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Friday Cyber News, January 26 2018

Cyber technology-related news and links from around the web, for the week of 1/20 - 1/26:

1. In 2014, Dutch hackers gained access to servers used by Russian APT group Cozy Bear, as well as a security camera in their offices. They were able to use this access to monitor Cozy Bear's penetration of the DNC in the US, and to warn US intelligence of the intrusion. If this sounds familiar, it may be because of a similar situation in 2014, when an Israeli cyber defense group able to watch Russian hackers steal files through Kaspersky software, and to confirm their findings through another hacked Russian security camera. I'm not sure what was happening in 2014 that made Russian security cameras so easy to hack, but in 2015, the US's Cyber Threat Intelligence Integration Center was born, to coordinate disparate-source reports like these. [Nos; Engadget]

2. In the absence of federal movement to reinstate net neutrality rules, Montana made net neutrality a condition of receiving state contracts, and the governor of New York signed a similar order this week. [Ars Technica; New York Law Journal]

3. The Teamsters union's initial negotiations with UPS included "no drones" and "no driverless trucks," indicating that labor is taking seriously the threat posed by increasing automation. [WSJ]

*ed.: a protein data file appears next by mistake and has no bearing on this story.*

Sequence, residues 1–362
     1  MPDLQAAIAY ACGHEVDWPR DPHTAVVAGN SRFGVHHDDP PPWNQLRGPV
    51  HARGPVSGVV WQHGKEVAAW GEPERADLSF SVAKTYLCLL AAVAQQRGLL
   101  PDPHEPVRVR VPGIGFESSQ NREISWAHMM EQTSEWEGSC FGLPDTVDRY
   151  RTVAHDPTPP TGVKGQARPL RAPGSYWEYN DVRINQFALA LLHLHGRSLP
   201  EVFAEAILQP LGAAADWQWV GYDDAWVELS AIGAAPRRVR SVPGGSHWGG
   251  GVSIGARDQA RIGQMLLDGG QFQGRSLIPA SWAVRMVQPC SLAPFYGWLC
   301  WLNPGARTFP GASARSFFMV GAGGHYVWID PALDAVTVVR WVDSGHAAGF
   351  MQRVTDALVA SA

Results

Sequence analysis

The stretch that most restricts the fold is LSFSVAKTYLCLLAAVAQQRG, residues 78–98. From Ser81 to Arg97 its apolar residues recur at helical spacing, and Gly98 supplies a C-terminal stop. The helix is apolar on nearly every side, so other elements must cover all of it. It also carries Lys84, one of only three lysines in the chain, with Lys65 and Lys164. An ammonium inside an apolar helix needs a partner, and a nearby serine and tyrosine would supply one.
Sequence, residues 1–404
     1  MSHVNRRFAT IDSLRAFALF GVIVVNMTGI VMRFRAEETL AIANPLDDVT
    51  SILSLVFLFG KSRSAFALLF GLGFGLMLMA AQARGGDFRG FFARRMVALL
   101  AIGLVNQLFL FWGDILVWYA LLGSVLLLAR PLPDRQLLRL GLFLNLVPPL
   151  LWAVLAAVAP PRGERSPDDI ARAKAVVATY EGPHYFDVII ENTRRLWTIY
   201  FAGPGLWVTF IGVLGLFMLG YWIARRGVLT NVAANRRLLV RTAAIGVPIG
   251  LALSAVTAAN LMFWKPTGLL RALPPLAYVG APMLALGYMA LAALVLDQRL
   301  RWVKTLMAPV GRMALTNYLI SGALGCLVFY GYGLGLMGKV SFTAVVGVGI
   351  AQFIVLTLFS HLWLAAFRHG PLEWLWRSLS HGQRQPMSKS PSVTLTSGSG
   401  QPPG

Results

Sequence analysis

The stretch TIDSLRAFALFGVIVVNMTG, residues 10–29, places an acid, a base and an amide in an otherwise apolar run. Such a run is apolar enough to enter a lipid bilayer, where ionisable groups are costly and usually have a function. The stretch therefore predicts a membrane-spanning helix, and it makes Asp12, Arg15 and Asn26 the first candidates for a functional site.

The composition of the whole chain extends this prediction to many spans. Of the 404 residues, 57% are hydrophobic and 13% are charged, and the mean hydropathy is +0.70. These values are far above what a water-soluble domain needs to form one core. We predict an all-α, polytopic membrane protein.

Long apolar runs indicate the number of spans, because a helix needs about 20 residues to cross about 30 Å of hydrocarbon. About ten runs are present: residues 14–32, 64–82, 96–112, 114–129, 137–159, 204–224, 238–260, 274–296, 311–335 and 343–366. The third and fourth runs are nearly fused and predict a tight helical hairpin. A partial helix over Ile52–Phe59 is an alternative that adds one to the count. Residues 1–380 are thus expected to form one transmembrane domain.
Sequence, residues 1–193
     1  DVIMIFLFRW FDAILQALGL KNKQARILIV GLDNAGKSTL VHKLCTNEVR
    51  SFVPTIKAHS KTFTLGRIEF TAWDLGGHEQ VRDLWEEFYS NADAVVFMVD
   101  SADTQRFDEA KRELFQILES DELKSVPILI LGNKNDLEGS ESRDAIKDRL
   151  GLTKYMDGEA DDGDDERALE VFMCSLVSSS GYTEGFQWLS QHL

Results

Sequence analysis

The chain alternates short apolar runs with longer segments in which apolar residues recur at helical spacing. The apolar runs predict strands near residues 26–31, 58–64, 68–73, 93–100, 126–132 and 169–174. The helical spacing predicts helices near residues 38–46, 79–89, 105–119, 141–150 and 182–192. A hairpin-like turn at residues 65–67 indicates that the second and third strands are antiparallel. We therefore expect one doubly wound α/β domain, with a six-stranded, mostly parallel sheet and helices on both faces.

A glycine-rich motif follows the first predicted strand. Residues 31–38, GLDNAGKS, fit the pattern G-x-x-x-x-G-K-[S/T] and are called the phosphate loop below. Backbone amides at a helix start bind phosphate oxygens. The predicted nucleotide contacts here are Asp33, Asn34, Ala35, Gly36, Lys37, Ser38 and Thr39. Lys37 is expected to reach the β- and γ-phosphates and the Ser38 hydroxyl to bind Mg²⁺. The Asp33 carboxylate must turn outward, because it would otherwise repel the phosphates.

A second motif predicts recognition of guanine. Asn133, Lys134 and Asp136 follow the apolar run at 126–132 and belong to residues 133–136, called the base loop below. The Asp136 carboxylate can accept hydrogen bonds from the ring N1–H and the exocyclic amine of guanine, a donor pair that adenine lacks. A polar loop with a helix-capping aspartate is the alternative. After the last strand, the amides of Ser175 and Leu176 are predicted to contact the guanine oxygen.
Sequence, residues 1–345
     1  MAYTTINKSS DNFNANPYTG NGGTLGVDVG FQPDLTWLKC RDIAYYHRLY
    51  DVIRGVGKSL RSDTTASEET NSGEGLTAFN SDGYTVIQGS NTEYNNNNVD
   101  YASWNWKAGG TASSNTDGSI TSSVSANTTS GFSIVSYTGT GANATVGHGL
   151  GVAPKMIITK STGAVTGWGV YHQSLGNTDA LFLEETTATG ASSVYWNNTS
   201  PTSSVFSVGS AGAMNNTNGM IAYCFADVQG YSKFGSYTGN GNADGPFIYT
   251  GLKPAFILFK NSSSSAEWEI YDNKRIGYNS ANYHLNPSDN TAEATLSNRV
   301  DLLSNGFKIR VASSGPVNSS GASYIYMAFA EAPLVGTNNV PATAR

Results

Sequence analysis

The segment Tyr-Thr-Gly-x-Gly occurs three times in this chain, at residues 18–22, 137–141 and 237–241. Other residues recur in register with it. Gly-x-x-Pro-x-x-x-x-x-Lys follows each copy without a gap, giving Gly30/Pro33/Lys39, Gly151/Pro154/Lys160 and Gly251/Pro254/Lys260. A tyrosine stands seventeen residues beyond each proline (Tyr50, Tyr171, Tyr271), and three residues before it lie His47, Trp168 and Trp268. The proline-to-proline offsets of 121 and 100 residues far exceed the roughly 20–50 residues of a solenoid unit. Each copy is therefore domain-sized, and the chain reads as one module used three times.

4. Paypal can share your data with 309 other companies, in 11 verticals (e.g., "Financial Products," "Commercial Partnerships") and this data visualization does a better job of conveying the scope of that sharing than a privacy policy. [Rebecca-Ricks]

5. Norton estimates the cost of cyber crime in 2017 at $172B; global banana production is only worth $39B, for scale. [Businesswire]

6.​ This week in cryptocurrency news: South Korea plans to require cryptocurrency trading to be conducted through accounts linked to the users' real names. Venezuela released more details about its oil-backed "petro" cryptocurrency, which it plans to use as an alternative to the dollar-based black market. $400M has been stolen from ICOs so far, representing 10% of the money raised by ICOs on average. 50 Cent remembered he'd sold some of his albums for bitcoins in 2014, and discovered that he's now a bitcoin millionaire. [Quartz; Piie; Infosecurity Magazine; Techcrunch]

7. "Facebook has styled itself as a neutral platform for information. But its role in spreading propaganda and fake news, as well as its relationship with the Cambodian government, shows how easily that neutrality can be exploited by autocrats." Facebook also created a unit of time this week, to better subdivide digital video into frames. [Buzzfeed; Twitter]

8. By analyzing the color fluctuations in border pixels of stationary objects on video, MIT researchers were able to reconstruct the sound waves around those objects--such as a bag of chips, a candy wrapper, or even a brick--and reproduce speech that had been uttered near the objects. [IEEE] 

9. Alphabet is launching a cybersecurity company, called Chronicle, focusing on early threat detection. [FT]

10. The NSA deleted references to "honesty", "trust", and "openness" from its core values and mission statement. [Intercept]

Thanks for reading,

Stanford Cyber Initiative

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